I have yet to see anything live action from DC that has interested me.  Alan Tudyk interests me in most any role I have seen.  His take on the teenage camping horror flick with Tucker and Dale Vs Evil is among my favorites. So I will likely check this out for him.  But I don't know if I am interested in the DC tie-in part at all.  
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Kevin Brown
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Posted: 18 January 2017 at 12:12pm | IP Logged | 13 post reply

"Hey, let's do a show like THE OFFICE, but only with super-heroes in the mix!!  We can have all the ordinary people doing all sorts of wacky things and reacting to all that super stuff!  It'll be kewl!"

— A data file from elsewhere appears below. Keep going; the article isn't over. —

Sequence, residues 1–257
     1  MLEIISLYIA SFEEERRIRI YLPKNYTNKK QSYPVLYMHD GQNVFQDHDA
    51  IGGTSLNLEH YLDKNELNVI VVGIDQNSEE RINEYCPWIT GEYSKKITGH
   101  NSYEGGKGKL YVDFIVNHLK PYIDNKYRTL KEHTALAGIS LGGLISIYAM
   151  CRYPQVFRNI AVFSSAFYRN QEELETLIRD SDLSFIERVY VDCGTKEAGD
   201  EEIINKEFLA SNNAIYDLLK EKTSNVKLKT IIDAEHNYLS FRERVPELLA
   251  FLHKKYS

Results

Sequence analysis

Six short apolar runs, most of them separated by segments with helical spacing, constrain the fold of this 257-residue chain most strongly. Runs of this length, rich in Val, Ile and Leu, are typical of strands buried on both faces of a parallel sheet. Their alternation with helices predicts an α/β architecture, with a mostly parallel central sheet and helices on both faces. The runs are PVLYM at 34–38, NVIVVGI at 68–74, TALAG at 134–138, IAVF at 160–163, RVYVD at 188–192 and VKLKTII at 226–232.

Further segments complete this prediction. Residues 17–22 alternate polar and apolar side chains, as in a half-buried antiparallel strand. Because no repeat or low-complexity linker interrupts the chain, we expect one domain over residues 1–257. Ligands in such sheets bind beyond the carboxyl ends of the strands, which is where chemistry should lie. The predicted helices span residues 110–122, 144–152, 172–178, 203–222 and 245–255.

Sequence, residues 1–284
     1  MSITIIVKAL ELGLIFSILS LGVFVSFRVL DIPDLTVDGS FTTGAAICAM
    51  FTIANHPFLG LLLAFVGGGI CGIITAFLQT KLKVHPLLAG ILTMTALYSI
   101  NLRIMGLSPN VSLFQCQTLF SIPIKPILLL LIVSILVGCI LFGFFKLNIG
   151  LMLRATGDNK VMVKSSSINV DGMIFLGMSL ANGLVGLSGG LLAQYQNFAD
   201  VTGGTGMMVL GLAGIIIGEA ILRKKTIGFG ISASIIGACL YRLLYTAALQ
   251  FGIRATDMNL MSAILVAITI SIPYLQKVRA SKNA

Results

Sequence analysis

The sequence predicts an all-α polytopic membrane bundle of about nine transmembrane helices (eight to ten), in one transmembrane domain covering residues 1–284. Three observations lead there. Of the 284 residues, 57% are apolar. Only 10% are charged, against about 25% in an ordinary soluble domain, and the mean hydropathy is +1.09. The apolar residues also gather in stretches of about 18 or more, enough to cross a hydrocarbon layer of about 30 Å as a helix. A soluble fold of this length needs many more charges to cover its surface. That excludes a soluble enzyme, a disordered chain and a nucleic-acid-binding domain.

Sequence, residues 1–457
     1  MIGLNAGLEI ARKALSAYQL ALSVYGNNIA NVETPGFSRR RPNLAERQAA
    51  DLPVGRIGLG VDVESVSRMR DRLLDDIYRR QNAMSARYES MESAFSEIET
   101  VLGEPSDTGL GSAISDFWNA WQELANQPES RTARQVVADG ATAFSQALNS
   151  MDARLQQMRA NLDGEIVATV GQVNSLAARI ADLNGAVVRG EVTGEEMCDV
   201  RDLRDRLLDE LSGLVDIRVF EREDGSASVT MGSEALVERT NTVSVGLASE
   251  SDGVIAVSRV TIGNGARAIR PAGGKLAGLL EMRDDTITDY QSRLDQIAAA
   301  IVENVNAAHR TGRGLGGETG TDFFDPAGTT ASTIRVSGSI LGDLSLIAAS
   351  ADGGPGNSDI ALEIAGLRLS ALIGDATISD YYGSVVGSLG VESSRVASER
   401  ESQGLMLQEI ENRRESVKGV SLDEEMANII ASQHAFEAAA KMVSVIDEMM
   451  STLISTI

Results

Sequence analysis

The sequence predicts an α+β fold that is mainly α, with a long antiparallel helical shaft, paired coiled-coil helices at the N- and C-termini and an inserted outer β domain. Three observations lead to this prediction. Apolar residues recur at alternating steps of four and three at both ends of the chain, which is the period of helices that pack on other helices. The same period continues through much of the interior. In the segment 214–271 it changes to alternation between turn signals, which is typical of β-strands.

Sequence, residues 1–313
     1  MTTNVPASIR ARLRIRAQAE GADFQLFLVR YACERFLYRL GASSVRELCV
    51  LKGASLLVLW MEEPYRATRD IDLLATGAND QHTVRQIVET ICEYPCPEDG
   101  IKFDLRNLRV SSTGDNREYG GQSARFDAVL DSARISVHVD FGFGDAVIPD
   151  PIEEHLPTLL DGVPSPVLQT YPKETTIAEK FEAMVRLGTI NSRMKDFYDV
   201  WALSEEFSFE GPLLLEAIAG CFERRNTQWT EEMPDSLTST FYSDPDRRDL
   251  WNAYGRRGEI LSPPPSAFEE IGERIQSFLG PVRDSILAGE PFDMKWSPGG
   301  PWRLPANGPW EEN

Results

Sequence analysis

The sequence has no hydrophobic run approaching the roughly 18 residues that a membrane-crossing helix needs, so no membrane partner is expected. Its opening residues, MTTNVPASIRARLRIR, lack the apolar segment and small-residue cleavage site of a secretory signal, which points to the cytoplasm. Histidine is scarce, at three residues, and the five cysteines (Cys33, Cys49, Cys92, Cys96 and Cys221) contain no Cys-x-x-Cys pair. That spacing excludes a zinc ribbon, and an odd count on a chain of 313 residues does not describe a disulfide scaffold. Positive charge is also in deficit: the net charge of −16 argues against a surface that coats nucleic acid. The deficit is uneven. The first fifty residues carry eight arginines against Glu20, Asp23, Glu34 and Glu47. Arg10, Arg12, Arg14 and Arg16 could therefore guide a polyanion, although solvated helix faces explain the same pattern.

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Emery Calame
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Posted: 18 January 2017 at 8:46pm | IP Logged | 14 post reply

Nothing really shocks me after Gotham-> hey, let's do Batman but without Batman. And from there it will be a no holds barred scenery chewing contest with a new plot theme each week.
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Brian Floyd
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Posted: 21 January 2017 at 8:06pm | IP Logged | 15 post reply

Sadly, I know people looking forward to it. 

Alan Tudyk being in it is the only reason I'd even give it a look....if I actually planned to.
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Andrew W. Farago
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Posted: 23 January 2017 at 2:03pm | IP Logged | 16 post reply

Superhero movies and TV are mainstream. Everyone knows them and their conventions, and movie studios know that parody movies are a niche market at best. This looks like Better Off Ted with the added hook of DC branding and a couple of recognizable actors from shows with huge cult followings.

I think the real shame here is that we probably can't get a Damage Control series on Netflix now.
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Ray Brady